Newly confirmed Environmental Protection Agency Administrator Gina McCarthy on Tuesday pledged action on climate change during the Obama administration’s remaining years, saying the concern is as much economic as it is environmental.“Climate change will not be resolved overnight, but it will be engaged over the next three years; that I can promise you,” McCarthy said during her speech at Harvard Law School (HLS).McCarthy, confirmed to head the federal agency on July 19 after a bruising Senate review process, decried what she called a “false choice” between environmental health and economic health presented by those who oppose regulation. She pointed to the U.S. economy’s growth over the decades since landmark environmental regulations were passed in the early 1970s, and held up clean air and brownfield cleanup programs, both administered by the EPA, as examples.“Can we stop talking about environmental regulations killing jobs, please? It’s not a choice between the health of our children and the health of the economy.” — Gina McCarthyBetween 1970 and 2011, air pollution emissions fell 68 percent in this country, even as the gross domestic product rose 212 percent and the population increased 52 percent. In addition, Clean Air Act programs prevented 205,000 premature deaths and 18 million childhood respiratory illnesses between 1970 and 1990, she said. Total private-sector jobs increased 88 percent. Overall, she said, every dollar invested under the Clean Air Act has borne $30 in benefits.“Can we stop talking about environmental regulations killing jobs, please?” McCarthy said. “For too long, we’ve been focused on this false choice. It’s not a choice between the health of our children and the health of the economy.”McCarthy also held up the cleanup of brownfields — polluted urban lots that are often former factory or industrial sites — as another way that government anti-pollution action has benefited the economy. Since 1995, government-sponsored brownfield cleanups have returned 41,500 acres to development, generating 93,000 jobs and leveraging $20.8 billion in economic development, she said. Each dollar spent on the EPA’s brownfield cleanup program, McCarthy said, leads to between $17 and $18 in public and private funds for cleanup and development.“This is how you use federal dollars to advance the public interest. That is what EPA is all about,” McCarthy said. “The EPA is having substantive positive impact on the lives of everyday people all across the United States, and we’re doing so in a way that not only doesn’t slow the economy, but in many ways that spark economic growth.”McCarthy delivered her comments before 300 people gathered at Wasserstein Hall. Dean Martha Minow introduced the talk, billed as McCarthy’s first public policy speech since she was confirmed. The session was hosted by the Law School’s Environmental Law Program.The event had something of a homecoming feel, as McCarthy, who was raised in Boston, was introduced by her daughter, Maggie McCarey. The new EPA chief previously worked as an environmental administrator for several Massachusetts governors, including Mitt Romney, and also served as commissioner of the Connecticut Department of Environmental Protection before moving to the EPA as an assistant administrator in 2009.McCarthy’s confirmation process became a lightning rod for Republican disapproval of the Obama administration’s decision to pursue climate-change action through regulatory rather than legislative means. Under that strategy, the EPA can regulate carbon dioxide as it does other pollutants and move ahead with some actions without approval from Congress.McCarthy was subjected to intense questioning by Republican senators, and was called back to the Senate 70 times over a 136-day confirmation period during which she answered more than 1,000 questions. House Republicans have expressed their own disapproval of the agency’s activities, proposing cutting the EPA budget by a third.“Getting confirmed two weeks ago, it was truly the honor of a lifetime,” McCarthy said. “And that, I think, is a very good thing because I swear it took two lifetimes to get confirmed.”Though much of the spotlight has been on the federal government, McCarthy said that it rarely leads in promulgating regulations. Instead, she said, it embraces effective examples set by an array of state and local governments, nonprofits, universities, businesses, and individuals.In response to a question on the controversial proposed Keystone XL oil pipeline from Canada, McCarthy described her role as that of a mediator who tries to get all sides to work out their differences.“It’s not supposed to be easy; it’s supposed to be hard,” she said.McCarthy cited the devastating impact of Superstorm Sandy as an example of how environmental issues are at their core economic ones.“I’m quite sure following Hurricane Sandy, no one looked at that hurricane as an environmental challenge; they looked at it as an economic devastation,” McCarthy said. “Climate change isn’t an environmental issue. It’s a fundamental economic challenge for us. It’s a fundamental challenge internationally, and we need to embrace that challenge.”McCarthy said the agency is committed to working in partnership with diverse groups to clean up the U.S. energy system in a way that not only lowers emissions from climate-changing greenhouse gases, but that also stimulates the economy.“Today, the truth is that we need to embrace cutting carbon pollution as a way to spark business innovation. We need to cut carbon pollution to grow jobs. We need to cut carbon pollution to strengthen the economy,” McCarthy said. “Head-on. That’s how we need to deal with this issue.”EPA Administrator Gina McCarthy Address at HLS Less than two weeks after being confirmed by the Senate as Environmental Protection Agency Administrator, Gina McCarthy delivered an inaugural address at Harvard Law School on Tuesday.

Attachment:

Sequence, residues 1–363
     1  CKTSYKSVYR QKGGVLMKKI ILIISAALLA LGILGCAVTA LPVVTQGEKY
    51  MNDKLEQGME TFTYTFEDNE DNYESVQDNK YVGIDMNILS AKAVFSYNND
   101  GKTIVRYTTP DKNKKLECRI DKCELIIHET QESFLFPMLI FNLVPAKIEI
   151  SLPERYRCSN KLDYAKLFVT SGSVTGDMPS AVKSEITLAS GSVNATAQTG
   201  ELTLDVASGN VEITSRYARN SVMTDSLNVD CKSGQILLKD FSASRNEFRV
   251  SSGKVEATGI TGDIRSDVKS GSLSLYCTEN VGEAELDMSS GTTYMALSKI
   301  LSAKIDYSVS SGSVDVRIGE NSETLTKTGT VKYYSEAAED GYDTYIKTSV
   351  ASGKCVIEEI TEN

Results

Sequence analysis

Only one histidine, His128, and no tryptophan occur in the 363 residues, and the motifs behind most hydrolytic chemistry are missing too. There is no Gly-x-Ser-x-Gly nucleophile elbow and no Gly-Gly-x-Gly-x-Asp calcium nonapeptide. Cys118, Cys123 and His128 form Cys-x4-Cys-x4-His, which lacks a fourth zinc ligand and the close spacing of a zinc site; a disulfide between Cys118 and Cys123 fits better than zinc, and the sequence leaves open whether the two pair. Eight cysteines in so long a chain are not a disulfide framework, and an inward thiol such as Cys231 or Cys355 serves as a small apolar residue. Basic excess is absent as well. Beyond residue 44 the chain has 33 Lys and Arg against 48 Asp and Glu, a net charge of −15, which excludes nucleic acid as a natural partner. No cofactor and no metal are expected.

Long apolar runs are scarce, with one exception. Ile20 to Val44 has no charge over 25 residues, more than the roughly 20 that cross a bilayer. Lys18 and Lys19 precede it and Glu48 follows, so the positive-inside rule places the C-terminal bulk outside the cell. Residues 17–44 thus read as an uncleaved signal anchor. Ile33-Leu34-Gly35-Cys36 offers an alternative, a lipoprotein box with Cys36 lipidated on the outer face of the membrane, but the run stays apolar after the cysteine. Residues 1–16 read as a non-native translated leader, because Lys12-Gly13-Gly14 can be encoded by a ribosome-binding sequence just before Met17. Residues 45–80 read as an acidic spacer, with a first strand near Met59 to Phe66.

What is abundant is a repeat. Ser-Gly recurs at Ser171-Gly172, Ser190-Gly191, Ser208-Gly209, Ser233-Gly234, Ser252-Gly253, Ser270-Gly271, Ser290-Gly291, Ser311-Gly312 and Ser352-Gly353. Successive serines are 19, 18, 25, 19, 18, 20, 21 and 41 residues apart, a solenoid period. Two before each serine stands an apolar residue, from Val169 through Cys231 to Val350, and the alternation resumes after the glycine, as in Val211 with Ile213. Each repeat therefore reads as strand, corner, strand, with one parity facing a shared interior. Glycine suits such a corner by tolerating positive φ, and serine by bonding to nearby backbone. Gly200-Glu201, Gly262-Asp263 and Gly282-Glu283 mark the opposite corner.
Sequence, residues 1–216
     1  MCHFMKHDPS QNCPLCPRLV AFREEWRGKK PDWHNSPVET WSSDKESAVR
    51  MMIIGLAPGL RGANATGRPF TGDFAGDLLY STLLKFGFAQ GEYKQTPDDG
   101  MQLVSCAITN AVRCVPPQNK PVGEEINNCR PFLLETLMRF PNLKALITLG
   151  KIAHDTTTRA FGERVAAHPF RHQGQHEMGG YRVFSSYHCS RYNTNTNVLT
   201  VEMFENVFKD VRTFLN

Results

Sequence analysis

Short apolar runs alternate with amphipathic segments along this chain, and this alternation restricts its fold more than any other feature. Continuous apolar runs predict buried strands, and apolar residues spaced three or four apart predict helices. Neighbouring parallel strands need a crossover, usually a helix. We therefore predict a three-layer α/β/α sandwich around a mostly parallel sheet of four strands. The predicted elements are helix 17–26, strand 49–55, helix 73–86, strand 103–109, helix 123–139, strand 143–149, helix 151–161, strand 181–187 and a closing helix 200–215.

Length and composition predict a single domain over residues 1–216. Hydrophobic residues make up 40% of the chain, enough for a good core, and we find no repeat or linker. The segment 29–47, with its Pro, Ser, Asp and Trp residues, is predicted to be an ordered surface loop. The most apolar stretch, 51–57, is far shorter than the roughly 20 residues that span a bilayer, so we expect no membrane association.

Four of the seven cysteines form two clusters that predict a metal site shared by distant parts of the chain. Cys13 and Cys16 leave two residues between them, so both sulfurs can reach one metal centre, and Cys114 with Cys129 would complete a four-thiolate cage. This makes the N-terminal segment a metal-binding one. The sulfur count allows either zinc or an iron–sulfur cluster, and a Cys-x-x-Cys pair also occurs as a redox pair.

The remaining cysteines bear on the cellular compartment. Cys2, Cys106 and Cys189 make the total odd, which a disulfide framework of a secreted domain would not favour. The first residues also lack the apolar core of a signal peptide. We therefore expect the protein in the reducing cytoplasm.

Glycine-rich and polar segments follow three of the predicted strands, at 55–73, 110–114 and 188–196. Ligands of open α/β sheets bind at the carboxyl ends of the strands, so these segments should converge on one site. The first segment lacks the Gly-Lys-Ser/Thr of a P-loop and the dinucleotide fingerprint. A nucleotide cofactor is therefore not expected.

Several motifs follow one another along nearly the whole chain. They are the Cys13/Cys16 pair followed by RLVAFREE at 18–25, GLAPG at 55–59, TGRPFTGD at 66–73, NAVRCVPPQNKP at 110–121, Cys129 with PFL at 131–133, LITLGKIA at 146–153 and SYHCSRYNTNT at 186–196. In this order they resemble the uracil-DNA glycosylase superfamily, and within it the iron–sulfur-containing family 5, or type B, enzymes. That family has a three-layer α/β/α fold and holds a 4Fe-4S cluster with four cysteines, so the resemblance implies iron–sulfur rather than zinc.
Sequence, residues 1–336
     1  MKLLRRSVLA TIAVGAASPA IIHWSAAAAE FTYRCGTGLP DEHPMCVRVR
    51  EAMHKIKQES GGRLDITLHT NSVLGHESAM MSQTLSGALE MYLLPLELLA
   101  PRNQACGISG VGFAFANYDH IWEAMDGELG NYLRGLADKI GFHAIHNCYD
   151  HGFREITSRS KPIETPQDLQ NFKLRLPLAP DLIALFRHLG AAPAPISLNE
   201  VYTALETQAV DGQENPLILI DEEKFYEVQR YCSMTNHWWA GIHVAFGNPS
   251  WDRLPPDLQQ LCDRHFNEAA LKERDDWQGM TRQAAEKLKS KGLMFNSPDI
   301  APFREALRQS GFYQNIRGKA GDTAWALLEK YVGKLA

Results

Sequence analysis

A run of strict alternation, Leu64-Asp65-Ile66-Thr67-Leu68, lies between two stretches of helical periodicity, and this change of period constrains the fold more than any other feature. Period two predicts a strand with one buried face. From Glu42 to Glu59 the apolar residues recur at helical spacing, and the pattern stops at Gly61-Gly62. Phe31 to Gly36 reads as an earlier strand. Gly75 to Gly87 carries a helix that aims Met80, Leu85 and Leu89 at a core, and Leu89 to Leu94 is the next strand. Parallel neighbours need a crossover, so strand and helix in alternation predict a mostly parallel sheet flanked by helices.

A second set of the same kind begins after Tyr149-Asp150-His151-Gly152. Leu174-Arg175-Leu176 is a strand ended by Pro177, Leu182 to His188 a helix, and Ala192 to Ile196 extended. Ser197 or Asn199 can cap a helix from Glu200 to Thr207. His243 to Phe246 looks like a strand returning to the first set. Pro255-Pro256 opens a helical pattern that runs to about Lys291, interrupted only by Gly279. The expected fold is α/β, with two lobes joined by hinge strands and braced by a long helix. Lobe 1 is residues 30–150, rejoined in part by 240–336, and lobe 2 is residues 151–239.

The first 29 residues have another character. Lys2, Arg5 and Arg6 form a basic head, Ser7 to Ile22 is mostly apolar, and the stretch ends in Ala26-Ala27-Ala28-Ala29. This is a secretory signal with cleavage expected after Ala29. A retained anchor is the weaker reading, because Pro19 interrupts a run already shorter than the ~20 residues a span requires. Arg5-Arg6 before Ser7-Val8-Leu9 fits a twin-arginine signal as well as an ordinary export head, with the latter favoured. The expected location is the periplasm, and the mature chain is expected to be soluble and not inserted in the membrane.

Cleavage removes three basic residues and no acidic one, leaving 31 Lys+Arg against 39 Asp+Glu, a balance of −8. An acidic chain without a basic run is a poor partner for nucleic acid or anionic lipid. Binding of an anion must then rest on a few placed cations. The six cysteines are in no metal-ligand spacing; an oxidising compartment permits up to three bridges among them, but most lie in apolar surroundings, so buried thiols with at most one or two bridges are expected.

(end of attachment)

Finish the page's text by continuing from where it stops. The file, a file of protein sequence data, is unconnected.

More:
The Minerva Academy on Tuesday named Eric Mazur the first winner of the Minerva Prize for Advancements in Higher Education. In announcing the $500,000 award, the academy specifically noted Mazur’s development of “peer instruction,” an innovative teaching method that incorporates interactive pedagogy into the classroom and has been recognized worldwide for driving dramatic improvements in learning outcomes.Mazur is the Balkanski Professor of Physics and Applied Physics and Area Dean for Applied Physics at the Harvard School of Engineering and Applied Sciences (SEAS). The Minerva Prize recognizes one faculty member from any institution worldwide who has made a significant impact on student learning experiences through extraordinary innovation in higher education.“Members of the academy unanimously and enthusiastically agreed on the selection of Dr. Mazur as the first recipient of the Minerva Prize,” said Roger Kornberg, a Nobel laureate and the governor of the Minerva Academy. “His development of the peer-instruction teaching methodology, now broadly adopted, embodies the innovation in teaching excellence that the Minerva Prize was conceived to recognize and promote. We are pleased to bestow this honor upon an individual who has contributed so greatly to the advancement of teaching and with such passion for improving student learning outcomes.”The academy considered a large number of nominations. The three primary criteria in selecting the winner were the innovation itself; its impact on students, faculty, and institutions around the world; and how the innovation has inspired both faculty and students to achieve better learning experiences more generally.More than 20 years ago, Mazur developed peer instruction as an alternative to the lecture-driven class. In peer instruction, the instructor “flips” the classroom, engaging students in interactive discussions about the subject material. Students prepare for class by either reading or watching videos covering the content. Classroom time is devoted to deepening the understanding of the material from the pre-class assignment. Presentations by the professor are interspersed with conceptual questions designed to expose common difficulties in understanding the material. Students are given a few minutes to think about the question and formulate their answers; they then discuss their answers in groups of three to four, attempting to reach consensus on a viable answer.Two decades of research support the effectiveness of peer instruction across disciplines.The methodology has been covered in nearly 1,500 papers in peer-reviewed journals and in numerous books. Mazur’s “Peer Instruction: A User’s Manual” (1997) has been translated into four languages.“Eric Mazur’s innovative thinking has been disruptive in the best sense of the word,” said Dean Cherry A. Murray of SEAS. “He has used a scientist’s mindset to formulate and perfect a new approach to teaching that complements what we already know about how students learn. That’s catching on internationally because it prepares graduates to engage with difficult problems beyond the classroom walls.”Mazur will receive the prize at an academy gathering in October.For more, click here.